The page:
The Silk Road was not just a conduit for silk; many other products were transported and traded and the routes were not merely travelled by merchants, but anyone wanting to go East – or West. The routes should therefore be seen as the ancient “highways” between China and the Mediterranean Sea.
Trading between the East and West occurred from the dawn of civilisation – if not before. Between 6000 and 4000 BC, people in the Sahara were already importing domesticated animals from Asia. By 3000 BC, lapis lazuli – the only known source of which was Badakshan, in northeastern Afghanistan – was found in Egypt. Most specifically, the supply of Tarim Basin jade to China from ancient times is well established. Nephrite jade from mines in the region of Yarkand and Khotan – not too far from the lapis lazuli mines of Badakshan – was found in China. Xinru Liu writes: “It is well known that ancient Chinese rulers had a strong attachment to jade. All of the jade items excavated from the tomb of Fuhao of the Shang dynasty, more than 750 pieces, were from Khotan in modern Xinjiang. As early as the mid-first millennium [BC] the Yuezhi engaged in the jade trade, of which the major consumers were the rulers of agricultural China.”

The Tarim Mummies have destroyed the idea that the West and the East developed independently and that they only relatively recently made contact. The discovery of these mummies has driven the final nail in this coffin – almost literally. Science, it is clear, has shown a clear link between these mummies and Celtic inhabitants of Europe. The question, however, is whether Europeans went east – or a Caucasoid group of people, perhaps native to the Tarim Basin, went to Europe.
Turning the path of travel in the opposite direction would offer some confirmation for the speculation that this region was indeed a “homeland” to our early ancestors and that they spread to other regions – specifically Europe – from here out.
With so little known about Bronze Age Celts both in Europe and Asia, no firm conclusions can be drawn either way – and perhaps never will. However, the Book of Manu (also known as the Laws of Manu), one of the supplementary arms of the Vedas, states that the “Uighers had settlements on the northern and eastern shores of the Caspian Sea” and German anthropologist Max Muller (1823-1900) wrote that “the first Caucasians were a small company from the mountains of Central Asia”. These conclusions are obviously “old” – but should they therefore be erroneous? Written more than a century before the Tarim Mummies were discovered, they actually did speak of the presence of Caucasians in China. And if they got that right, is it possible they got other things right too?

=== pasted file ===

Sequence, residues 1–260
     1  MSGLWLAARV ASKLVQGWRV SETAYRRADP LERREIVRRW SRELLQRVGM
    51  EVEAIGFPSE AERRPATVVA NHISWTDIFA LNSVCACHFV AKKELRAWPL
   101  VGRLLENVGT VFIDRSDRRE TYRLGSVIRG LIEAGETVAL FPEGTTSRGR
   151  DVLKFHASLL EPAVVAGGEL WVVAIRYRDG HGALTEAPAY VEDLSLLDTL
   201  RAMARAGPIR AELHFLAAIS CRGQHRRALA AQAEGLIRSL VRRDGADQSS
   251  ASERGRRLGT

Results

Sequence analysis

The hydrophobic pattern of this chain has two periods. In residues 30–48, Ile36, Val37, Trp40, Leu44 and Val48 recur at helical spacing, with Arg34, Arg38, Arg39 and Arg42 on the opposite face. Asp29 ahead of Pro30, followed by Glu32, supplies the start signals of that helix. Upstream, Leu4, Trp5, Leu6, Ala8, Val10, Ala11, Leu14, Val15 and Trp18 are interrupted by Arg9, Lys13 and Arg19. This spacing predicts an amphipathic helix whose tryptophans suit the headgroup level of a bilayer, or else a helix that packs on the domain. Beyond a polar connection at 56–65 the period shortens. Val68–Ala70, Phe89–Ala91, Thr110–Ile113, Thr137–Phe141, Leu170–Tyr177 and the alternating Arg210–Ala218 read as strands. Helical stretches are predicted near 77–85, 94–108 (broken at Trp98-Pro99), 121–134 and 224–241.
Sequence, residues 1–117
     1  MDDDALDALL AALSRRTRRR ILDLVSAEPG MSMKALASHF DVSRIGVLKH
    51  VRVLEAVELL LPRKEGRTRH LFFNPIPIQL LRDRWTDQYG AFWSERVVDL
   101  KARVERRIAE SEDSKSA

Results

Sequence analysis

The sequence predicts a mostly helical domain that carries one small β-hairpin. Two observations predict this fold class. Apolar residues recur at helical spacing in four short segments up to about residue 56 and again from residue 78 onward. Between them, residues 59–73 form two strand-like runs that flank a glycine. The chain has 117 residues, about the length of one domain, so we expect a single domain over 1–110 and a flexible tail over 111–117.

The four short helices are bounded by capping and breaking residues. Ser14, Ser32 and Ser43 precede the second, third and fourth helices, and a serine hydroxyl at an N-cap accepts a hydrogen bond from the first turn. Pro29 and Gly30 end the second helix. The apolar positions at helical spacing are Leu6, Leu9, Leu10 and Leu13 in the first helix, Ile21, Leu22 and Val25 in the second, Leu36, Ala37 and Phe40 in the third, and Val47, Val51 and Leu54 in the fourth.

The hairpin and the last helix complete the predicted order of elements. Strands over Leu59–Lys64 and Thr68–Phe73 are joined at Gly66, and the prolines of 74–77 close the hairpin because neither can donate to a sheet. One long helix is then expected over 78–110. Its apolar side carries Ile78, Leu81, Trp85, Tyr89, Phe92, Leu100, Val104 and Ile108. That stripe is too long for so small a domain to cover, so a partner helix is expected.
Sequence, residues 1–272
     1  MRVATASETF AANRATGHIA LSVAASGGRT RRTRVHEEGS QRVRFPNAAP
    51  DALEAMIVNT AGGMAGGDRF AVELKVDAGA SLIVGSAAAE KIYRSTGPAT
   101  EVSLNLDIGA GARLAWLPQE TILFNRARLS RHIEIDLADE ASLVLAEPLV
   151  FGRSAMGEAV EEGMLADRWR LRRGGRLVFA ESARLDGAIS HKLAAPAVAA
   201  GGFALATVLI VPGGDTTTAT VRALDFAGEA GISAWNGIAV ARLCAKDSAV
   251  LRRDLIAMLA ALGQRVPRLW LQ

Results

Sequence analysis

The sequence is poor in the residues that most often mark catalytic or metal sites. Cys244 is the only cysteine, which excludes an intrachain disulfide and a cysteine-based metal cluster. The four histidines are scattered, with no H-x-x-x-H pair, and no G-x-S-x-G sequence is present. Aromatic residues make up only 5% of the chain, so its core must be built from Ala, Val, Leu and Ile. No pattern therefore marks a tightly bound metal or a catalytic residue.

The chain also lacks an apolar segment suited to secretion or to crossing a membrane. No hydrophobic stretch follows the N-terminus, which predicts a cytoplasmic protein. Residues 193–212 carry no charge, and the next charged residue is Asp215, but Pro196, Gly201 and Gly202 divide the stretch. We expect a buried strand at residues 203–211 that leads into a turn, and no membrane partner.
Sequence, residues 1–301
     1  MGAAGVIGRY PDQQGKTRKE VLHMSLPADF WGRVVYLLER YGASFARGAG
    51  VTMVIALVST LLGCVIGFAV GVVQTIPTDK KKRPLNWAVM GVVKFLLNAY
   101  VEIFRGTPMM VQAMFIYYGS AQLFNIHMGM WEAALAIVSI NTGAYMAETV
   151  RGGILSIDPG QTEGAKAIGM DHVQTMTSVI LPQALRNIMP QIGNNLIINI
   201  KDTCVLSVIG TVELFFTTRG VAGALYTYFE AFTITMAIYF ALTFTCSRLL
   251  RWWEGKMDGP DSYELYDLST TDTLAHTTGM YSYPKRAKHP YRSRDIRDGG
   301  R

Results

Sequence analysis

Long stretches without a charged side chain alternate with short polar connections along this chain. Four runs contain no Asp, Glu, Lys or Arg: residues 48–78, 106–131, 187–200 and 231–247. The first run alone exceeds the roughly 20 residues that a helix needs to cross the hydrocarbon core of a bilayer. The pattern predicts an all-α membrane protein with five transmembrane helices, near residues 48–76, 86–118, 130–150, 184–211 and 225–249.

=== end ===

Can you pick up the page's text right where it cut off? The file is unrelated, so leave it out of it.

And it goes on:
One final question that therefore needs to be added to the long list of questions about these mummies is in which direction the Caucasians travelled. Could the Caucasian mummies of the Taklamakan Desert be native, rather than European visitors? Only the future, and future discoveries, is likely to tell. But it is at least an undeniable fact that there was contact between Bronze Age Europeans and China, along the Silk Road. The evidence is for all to see in the Urumchi Museum.

This article appeared in New Dawn, Volume 10, Number 12 (January - February 2009).